A Knight To Escape is Florida’s only two-hour escape room! This was the largest build the team at Escape Effect had done thus far. As the Creative Director at Escape Effect, I’ll give you a peek behind the curtain!
At the time of our build, nobody in or around Orlando was doing a Medieval-themed escape room. So, it made a whole lot of sense to tackle a castle. I mean, who doesn’t love the Medieval era?
Several of the escape rooms at Escape Effect take inspiration from childhood memories. For this Medieval game, there’s quite a bit that comes to mind.
- Lore around King Arthur and his Knights of the Round Table.
- The 1975 British comedy Monty Python & The Holy Grail, starring John Cleese.
- Mel Brooks’ 1993 parody Robin Hood: Men In Tights.
- Dungeons & Dragons, especially the 1980s cartoon.
- And, Don Bluth’s 1983 laserdisc arcade game, Dragon’s Lair.
Our Set Designer drew up some fantastic concept art. She added inspiration from her hometown in the UK. Of particular note to me, her checkerboard concept for the armory floor reminds me a lot of the Armor Knight level in Dragon’s Lair.
In the months before breaking ground at the store, we had finished designing the gameplay of the first three escape rooms. There was At Odds With The Gods, which I like to describe as a huge raw puzzle room. Then there’s Sherlock Studies, which is our most traditional escape room, but with an interesting and significant deductive puzzle. And then, Encore, where players get to control the lighting. So, how do we raise the bar with game #4? With a split-start…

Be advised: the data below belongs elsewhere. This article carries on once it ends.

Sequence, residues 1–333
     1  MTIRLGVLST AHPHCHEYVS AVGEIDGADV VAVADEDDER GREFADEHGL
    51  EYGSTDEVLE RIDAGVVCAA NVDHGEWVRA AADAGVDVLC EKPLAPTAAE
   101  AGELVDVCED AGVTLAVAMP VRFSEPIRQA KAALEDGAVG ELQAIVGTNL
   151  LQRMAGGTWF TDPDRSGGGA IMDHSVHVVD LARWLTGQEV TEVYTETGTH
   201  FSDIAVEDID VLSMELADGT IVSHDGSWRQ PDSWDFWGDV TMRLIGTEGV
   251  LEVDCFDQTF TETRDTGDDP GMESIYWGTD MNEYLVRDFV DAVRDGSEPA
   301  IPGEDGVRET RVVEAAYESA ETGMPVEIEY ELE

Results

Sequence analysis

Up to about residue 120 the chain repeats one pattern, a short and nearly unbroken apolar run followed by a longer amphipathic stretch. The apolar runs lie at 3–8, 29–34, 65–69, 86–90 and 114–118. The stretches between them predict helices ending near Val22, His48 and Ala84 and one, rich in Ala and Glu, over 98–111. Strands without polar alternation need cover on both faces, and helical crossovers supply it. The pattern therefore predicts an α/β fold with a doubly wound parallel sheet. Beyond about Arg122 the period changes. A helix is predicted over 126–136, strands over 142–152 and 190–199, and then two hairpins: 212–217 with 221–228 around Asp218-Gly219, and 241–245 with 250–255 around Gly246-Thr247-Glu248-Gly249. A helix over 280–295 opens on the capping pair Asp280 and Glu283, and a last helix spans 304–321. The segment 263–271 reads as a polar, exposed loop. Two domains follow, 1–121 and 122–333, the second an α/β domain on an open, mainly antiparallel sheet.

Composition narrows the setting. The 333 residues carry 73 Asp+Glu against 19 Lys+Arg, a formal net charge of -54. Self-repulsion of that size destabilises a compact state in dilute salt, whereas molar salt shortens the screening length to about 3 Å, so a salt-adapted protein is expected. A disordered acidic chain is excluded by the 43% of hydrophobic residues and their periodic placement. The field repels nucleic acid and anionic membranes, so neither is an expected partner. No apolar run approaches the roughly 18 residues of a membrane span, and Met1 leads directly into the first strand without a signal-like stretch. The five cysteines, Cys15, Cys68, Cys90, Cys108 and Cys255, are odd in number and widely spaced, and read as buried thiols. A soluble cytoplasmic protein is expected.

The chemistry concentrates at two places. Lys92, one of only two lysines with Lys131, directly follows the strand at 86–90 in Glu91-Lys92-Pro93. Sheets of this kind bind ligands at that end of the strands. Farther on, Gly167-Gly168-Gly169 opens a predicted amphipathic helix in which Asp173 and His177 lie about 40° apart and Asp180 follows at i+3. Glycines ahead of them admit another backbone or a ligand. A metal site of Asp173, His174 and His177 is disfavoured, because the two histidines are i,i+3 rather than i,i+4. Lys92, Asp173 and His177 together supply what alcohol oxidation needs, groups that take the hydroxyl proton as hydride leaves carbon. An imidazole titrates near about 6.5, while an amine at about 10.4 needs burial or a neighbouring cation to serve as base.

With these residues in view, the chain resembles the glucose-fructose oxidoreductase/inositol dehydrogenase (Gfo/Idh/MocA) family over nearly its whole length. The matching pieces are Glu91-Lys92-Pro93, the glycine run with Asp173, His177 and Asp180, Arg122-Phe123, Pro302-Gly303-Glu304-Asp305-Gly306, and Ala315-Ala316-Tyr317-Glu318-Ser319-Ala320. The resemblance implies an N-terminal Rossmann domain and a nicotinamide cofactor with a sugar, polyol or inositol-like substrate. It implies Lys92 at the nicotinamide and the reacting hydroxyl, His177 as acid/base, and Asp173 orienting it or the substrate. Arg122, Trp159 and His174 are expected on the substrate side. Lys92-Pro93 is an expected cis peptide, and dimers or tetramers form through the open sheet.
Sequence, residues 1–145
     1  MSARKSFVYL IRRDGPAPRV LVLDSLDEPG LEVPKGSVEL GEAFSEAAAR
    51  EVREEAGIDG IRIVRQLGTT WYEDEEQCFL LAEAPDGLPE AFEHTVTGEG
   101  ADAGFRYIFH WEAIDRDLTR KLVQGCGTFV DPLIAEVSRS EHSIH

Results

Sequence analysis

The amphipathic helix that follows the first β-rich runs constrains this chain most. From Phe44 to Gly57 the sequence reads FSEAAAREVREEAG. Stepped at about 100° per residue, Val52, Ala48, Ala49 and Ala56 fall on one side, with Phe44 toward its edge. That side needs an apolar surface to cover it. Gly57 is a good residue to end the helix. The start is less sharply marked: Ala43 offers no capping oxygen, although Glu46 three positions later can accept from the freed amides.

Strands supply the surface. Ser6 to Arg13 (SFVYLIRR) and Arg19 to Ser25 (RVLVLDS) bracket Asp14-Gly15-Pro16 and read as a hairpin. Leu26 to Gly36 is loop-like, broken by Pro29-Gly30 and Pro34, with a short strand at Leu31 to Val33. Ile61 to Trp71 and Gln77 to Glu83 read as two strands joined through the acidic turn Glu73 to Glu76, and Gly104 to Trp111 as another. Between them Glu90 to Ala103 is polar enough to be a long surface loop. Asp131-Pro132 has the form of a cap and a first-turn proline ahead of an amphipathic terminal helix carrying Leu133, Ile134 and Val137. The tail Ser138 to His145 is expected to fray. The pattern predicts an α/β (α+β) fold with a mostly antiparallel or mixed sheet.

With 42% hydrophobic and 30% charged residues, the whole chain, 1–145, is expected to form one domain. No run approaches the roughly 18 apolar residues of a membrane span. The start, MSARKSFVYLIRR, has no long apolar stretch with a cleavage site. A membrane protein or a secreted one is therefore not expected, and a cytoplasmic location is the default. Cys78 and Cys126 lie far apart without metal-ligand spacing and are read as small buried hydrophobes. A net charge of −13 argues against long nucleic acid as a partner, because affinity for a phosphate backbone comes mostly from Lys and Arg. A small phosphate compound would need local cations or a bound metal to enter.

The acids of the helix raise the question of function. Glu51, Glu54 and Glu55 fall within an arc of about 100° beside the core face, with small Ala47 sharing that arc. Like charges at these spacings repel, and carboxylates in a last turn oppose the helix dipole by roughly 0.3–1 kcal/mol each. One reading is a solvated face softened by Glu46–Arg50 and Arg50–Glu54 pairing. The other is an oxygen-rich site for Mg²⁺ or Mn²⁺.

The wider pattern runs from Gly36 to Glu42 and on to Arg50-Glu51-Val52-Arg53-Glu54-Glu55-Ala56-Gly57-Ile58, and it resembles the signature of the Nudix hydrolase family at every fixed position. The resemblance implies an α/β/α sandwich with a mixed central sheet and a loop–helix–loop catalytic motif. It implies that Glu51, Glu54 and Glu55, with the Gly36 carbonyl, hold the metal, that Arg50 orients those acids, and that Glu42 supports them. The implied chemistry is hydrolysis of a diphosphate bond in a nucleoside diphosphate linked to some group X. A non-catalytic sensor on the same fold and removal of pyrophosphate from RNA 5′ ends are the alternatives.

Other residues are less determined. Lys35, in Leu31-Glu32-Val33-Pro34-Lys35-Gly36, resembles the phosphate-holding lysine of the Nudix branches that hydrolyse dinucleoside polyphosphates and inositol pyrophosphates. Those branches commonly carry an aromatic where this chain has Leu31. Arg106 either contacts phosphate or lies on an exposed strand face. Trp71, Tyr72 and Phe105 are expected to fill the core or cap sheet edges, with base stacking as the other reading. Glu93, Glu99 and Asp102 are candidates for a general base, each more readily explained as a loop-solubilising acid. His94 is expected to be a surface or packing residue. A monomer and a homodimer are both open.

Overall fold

A split-start escape room is a game where the players start in different physical rooms. Typically, these types of games are realized as jailbreak scenarios where players help each other break out of each other’s cell using clues and props usually located in the other cell.
We saw that there was a large amount of space remaining in the store and had considered building two games in that space at one point. But, I had played another split-start in the city and saw an opportunity – the split-start I had played split us for only 10-15 minutes before we came together and played the rest out as a traditional “all together” escape room. The experience left me wanting more. So, we set out to create a game where players would be split for the majority of the time.
A Knight To Escape starts players either in a dungeon (the prisoners) or in a courtyard (the rescuers). The game is broken into four phases and every phase requires both sides to participate. Phase 1 puts the dungeon more in control, phase 2 shares control, phase 3 transfers control to the courtyard, and phase 4 sees all players together. This setup is intended to give both sides an opportunity to shine while working together.
Additionally, we’ve played escape rooms where one or two people want to take control of every puzzle, every task, just everything. It really isn’t the same kind of fun for some teammates when an “alpha” is present. So, we ensured that some puzzles didn’t just require a single player to solve. And, those physical multi-player puzzles are precisely why a minimum of four players are required for A Knight To Escape.
When it came to the set design, we wanted to stick with a traditional look, rather than fantastical. There were to be several distinct areas in the game: the dungeon, grand hall, armory, and a courtyard section.